Financial markets need to assess the risks and opportunities facing individual companies which arise from environmental, social and governance (ESG) issues, as these affect enterprise value. This is driving significant demand for high-quality data on climate impact and performance as well as forward-looking reporting; these essential tools will help investors allocate capital for the transition.
We share the enthusiasm of the participants about the International Sustainability Standards Board (ISSB) announcement as an important outcome from COP26. This major step forward highlights a path to international standards based on existing building blocks and further support calls on companies to quickly begin reporting using the Task Force on Climate-Related Financial Disclosures (TCFD) and Sustainable Accounting Standards Board (SASB) frameworks.
There was widespread agreement that government policy remains critical to enabling success in meeting net zero goals. Companies and investors need a clear framework in which they can operate, particularly in the areas of standardization of disclosures and regulations to level the playing field. Many participants also cited the view that carbon pricing should be a key area of focus for policymakers.
Climate solutions need to thoughtfully consider the very different circumstances in emerging and developed markets. Emerging markets need more adaptation finance to compensate for the greater stranded assets exposure, higher vulnerability to climate-related physical risks and generally poorer economies with lower credit ratings, many of which are still being undercut by the pandemic.
Global climate solutions need to avoid unintended or overlooked consequences which can be material. In developing countries, climate disasters disproportionately affect women and girls; by 2025, 12.5 million won’t complete their education because of climate change. Education will be essential for climate change mitigation and adaptation as workers need to be trained and re-trained for participating in green economy.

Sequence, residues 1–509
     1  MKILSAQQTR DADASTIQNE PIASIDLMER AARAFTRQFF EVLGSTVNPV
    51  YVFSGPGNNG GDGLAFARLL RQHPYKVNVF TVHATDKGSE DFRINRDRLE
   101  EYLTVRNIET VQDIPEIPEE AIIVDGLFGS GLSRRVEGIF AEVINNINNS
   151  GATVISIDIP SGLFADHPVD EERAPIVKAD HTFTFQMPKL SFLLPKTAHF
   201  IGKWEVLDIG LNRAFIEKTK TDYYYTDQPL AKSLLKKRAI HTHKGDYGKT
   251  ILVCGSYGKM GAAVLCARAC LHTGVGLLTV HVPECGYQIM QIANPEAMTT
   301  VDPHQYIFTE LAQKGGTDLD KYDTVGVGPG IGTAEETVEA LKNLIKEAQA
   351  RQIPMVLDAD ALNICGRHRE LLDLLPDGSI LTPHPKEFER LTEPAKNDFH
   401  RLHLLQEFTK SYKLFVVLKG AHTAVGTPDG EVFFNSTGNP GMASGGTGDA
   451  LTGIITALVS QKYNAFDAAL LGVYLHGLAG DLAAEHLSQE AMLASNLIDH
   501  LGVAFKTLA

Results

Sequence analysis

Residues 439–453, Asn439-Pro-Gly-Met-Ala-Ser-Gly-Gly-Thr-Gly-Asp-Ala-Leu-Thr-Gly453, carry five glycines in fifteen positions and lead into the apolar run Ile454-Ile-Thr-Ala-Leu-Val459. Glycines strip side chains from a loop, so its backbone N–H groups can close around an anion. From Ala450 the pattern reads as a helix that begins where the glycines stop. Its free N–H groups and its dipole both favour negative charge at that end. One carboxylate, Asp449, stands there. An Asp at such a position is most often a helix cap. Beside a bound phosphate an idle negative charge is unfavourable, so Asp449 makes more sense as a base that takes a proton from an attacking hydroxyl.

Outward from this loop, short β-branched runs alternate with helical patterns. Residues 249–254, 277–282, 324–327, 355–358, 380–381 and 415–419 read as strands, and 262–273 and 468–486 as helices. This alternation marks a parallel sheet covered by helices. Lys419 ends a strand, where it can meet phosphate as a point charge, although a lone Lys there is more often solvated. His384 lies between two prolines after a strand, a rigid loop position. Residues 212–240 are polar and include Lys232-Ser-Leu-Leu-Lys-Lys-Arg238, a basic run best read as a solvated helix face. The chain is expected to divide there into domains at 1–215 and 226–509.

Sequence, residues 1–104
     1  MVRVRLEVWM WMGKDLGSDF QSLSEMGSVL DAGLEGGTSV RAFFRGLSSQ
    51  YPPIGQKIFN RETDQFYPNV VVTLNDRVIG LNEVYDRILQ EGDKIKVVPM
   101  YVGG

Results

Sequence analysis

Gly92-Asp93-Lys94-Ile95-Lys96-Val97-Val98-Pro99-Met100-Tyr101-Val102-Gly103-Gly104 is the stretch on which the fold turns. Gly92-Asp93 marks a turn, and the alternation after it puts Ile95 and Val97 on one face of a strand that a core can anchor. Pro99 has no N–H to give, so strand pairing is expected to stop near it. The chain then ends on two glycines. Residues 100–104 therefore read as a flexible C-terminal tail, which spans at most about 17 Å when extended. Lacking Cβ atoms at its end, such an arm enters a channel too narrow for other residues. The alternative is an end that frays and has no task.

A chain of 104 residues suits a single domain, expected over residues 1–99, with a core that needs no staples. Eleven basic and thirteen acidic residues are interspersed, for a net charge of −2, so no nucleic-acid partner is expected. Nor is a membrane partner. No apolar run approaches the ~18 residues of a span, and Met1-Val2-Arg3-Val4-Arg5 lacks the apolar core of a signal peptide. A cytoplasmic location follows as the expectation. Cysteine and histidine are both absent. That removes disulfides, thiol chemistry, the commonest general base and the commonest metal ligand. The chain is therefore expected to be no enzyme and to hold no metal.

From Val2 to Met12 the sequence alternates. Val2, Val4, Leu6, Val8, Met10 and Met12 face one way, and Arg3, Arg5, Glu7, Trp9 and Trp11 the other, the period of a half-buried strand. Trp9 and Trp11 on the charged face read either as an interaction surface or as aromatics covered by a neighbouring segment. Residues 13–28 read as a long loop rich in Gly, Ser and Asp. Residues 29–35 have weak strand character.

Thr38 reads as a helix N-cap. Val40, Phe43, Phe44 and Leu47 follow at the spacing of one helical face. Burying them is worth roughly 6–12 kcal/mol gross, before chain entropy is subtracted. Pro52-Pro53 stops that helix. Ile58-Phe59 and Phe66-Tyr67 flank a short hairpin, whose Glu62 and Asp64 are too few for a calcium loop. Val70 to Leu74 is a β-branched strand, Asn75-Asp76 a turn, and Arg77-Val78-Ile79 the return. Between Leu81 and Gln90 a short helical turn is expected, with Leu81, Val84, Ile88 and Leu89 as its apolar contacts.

Several environmental topics that are related to decarbonization emerged as key themes and we believe will gain increasing attention from the investment community:
Governments, companies, investors and consumers are all responsible and must be held accountable. As expressed by one participant, results are crucial; nothing else matters if we don’t deliver on the plans we have made.
At Goldman Sachs Asset Management, we believe environmental, social, and governance (ESG) factors are important tools for identifying investment risk and capturing opportunity. Our investment teams across equities, fixed income, liquidity and alternatives may analyze ESG information in a manner consistent with their investment style and specific strategy guidelines. ESG factors may be utilized to set exclusions, drive tilts, or seek to select securities with strong ESG ratings. In addition, for our clients who want to benefit from and accelerate trends toward greater sustainability, we are committed to helping our clients deploy their capital in a manner that is impactful and financially sound. As of June 30, 2021, Goldman Sachs Asset Management supervises $273 billion in strategies where ESG or sustainability factors are an important component, and $97.5 billion in separate accounts with values-driven screens, bringing our total fee-based assets under supervision to $370.5 billion in ESG and impact strategies.